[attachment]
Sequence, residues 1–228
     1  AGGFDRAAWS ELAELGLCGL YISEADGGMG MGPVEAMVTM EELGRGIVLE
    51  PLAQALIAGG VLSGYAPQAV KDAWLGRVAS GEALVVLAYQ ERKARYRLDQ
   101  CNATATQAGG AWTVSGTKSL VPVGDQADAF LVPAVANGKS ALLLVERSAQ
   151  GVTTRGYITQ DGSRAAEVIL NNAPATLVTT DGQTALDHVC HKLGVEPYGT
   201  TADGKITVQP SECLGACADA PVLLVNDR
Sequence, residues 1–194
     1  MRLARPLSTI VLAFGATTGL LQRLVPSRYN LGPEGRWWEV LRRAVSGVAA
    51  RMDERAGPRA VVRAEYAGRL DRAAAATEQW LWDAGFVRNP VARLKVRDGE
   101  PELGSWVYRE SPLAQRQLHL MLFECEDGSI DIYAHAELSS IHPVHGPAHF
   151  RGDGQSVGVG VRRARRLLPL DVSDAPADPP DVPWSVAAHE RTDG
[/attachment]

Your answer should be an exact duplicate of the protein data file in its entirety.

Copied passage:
Sequence, residues 1–228
     1  AGGFDRAAWS ELAELGLCGL YISEADGGMG MGPVEAMVTM EELGRGIVLE
    51  PLAQALIAGG VLSGYAPQAV KDAWLGRVAS GEALVVLAYQ ERKARYRLDQ
   101  CNATATQAGG AWTVSGTKSL VPVGDQADAF LVPAVANGKS ALLLVERSAQ
   151  GVTTRGYITQ DGSRAAEVIL NNAPATLVTT DGQTALDHVC HKLGVEPYGT
   201  TADGKITVQP SECLGACADA PVLLVNDR
Sequence, residues 1–194
     1  MRLARPLSTI VLAFGATTGL LQRLVPSRYN LGPEGRWWEV LRRAVSGVAA
    51  RMDERAGPRA VVRAEYAGRL DRAAAATEQW LWDAGFVRNP VARLKVRDGE
   101  PELGSWVYRE SPLAQRQLHL MLFECEDGSI DIYAHAELSS IHPVHGPAHF
   151  RGDGQSVGVG VRRARRLLPL DVSDAPADPP DVPWSVAAHE RTDG